• Ask for basic information such as the age of the tank, property and type of oil tank. This will give an idea of any risk about an oil leak.
  • Take a walk around the property and look for an unusual bald patch of grass in the area. At times, during the spill the hot oil poisons the soil and even if there is no heating oil or odour left, the grass will not grow in that area.
  • Also look for depression near the house or at the missing grass spots generally caused by oil tanks or by vent pipes protruding from the land.
  • In order to know if there has been a spill or incorrect removal of the USTs, one should know about the existing or previously installed oil tanks and vents, their size, the abandoned heating oil lines, marks where equipment was mounted and footprints of old heating equipment.

A prospective home buyer should make sure their realtor asks the seller's counterpart for documentation about any USTs at the property. They should educate the potential buyers about the dangers of USTs and stress on proper inspection of the property. A person buying an old property should also be aware that their insurance company can deny home insurance if the tank is not registered.

Buying a home is everyone's dream. But to avoid unwanted surprises and costs, proper homework and following proper protocol ensures your dream does not give you nightmares.

Title photo by: Field Outdoor Spaces

PS00SK

14 Responses

  1. Yuri Olh

    Cleanup of the oil spill in the soil from an underground oil tank starts at $0.5 Mln. Yikes!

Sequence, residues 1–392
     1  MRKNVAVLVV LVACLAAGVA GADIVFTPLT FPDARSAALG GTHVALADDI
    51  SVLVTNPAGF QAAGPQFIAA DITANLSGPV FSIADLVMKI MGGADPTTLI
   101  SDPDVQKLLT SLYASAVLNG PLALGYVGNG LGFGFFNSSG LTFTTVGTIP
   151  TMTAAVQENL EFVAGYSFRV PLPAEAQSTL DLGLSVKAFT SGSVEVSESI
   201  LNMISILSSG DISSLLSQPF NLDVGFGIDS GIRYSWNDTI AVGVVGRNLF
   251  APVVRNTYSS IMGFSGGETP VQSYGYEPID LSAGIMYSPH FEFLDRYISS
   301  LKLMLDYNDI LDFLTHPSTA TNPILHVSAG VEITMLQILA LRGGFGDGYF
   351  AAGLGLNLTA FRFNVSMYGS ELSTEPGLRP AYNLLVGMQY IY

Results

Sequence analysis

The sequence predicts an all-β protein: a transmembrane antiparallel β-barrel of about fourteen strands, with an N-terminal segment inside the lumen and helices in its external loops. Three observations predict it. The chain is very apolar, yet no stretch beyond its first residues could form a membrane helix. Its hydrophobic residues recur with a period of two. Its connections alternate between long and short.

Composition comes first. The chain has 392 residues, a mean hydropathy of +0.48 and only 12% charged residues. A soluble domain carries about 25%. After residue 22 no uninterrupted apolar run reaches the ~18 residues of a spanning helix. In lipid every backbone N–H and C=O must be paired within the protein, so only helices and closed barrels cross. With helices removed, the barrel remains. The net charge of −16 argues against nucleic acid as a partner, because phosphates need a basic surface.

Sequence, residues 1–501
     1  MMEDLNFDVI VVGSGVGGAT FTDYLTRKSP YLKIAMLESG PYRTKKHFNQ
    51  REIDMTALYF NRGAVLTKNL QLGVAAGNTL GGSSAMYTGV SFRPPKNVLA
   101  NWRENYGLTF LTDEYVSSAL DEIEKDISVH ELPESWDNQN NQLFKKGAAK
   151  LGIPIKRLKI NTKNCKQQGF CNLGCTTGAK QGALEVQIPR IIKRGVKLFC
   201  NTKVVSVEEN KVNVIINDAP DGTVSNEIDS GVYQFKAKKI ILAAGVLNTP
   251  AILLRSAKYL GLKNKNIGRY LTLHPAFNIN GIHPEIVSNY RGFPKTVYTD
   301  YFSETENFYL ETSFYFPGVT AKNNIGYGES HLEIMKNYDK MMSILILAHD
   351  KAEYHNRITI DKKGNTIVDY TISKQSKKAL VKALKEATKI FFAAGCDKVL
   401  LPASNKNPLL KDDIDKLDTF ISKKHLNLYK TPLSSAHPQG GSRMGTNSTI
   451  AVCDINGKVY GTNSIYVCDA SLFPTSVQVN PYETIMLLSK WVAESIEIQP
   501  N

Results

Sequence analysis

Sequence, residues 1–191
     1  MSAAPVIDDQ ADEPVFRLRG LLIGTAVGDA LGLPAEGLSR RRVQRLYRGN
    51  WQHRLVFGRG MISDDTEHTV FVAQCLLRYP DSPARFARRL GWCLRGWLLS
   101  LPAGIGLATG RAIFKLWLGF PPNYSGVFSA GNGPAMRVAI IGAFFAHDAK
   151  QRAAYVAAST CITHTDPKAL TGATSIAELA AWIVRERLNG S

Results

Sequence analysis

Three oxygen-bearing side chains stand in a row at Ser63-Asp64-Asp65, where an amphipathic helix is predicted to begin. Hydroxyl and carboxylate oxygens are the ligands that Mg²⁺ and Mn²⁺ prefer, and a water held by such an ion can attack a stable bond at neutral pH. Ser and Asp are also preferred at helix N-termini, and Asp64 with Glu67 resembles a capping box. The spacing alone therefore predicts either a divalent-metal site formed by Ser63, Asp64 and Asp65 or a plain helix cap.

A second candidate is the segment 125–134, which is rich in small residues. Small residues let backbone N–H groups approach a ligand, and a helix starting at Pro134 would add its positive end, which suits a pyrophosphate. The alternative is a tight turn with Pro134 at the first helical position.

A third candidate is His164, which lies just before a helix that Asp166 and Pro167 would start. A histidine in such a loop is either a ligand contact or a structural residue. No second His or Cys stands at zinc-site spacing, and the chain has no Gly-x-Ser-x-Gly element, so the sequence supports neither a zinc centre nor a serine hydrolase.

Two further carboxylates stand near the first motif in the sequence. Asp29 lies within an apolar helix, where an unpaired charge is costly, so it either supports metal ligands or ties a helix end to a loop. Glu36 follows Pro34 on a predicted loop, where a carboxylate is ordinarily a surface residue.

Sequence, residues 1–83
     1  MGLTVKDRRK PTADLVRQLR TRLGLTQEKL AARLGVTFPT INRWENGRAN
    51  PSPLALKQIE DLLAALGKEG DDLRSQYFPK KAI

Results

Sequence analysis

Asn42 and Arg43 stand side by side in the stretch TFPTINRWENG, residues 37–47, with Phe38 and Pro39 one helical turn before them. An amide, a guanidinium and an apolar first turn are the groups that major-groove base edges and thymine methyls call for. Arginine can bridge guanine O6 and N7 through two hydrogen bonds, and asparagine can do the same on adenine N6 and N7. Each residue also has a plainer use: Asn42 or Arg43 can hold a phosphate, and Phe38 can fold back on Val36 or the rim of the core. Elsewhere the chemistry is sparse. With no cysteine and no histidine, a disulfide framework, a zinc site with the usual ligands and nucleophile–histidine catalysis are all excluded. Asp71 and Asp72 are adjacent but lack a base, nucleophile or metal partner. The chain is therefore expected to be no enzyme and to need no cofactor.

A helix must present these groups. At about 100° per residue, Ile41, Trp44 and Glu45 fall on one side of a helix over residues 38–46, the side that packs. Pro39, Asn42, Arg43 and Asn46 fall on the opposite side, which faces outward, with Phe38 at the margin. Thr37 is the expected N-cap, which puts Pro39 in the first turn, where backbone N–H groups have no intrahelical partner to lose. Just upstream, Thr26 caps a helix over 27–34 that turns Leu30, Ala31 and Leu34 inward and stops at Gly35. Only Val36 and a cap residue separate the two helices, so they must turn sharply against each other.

2. Paul McDonald

    I like how the Government imposes all these clean up fees; has anyone notice how much oil is spilled across the country due to our oil fracking (the oil sands) industry? Such a bunch of crap.

  3. Marshall Cohen

    Always a big issue even in the best neighborhoods in Toronto and Rural GTA. You should always assume that with older properties their may be a buried tank, residential and commercial, check it out to be sure. Lots of surprises.

  4. Jamie M. Edwards

    Just went through this on one of our listings..an estate near the escarpment edge. 2 appraisers missed the pipes sticking out of the ground which I noticed and the executor had to to have two tanks removed one in the house and one underground plus several tonnes of soil…

      1. Jamie M. Edwards

        And we were lucky the tank was OK and if I recall the price of oil jumped so your Dad and Mom didn’t need A refill for a long time…at the time we said please do not top up the tank On closing. The Realtor just foaled to pass the message on!

  5. Arnie Gess

    Excellent Blog that makes aware a hidden danger many home buyers do not even know about. I have also posted a Blog on my website on this topic and have linked back to this article. Keep up the great work!

    link to ow.ly

  6. Ryan Guthrie

    From an insurance perspective, an oil tank whether outside or in the basement, adds another dimension of unexpected risks and costs. The age & condition of the tank, the manufacturer, the location, and safety/leakage protection measures can mean the difference between no premium impact or concern , to the major risk of a $1million + loss and no insurer willing to take the risk of insuring you..

  7. Mike Z Davidson

    I had this oil tank problem back in 2005 when I bought my first home. So glad the residential realtor recommended getting an inspector. I also recommend environmental audit reports when i sell commercial properties too.

  8. Yogi Sukhi

    This is good advice and that makes aware a hidden danger.
    Since you did not put the tank in their, should you ask the previous owner/s to share the cost or de-contamination because probably the owner who had buried this may not be alive now.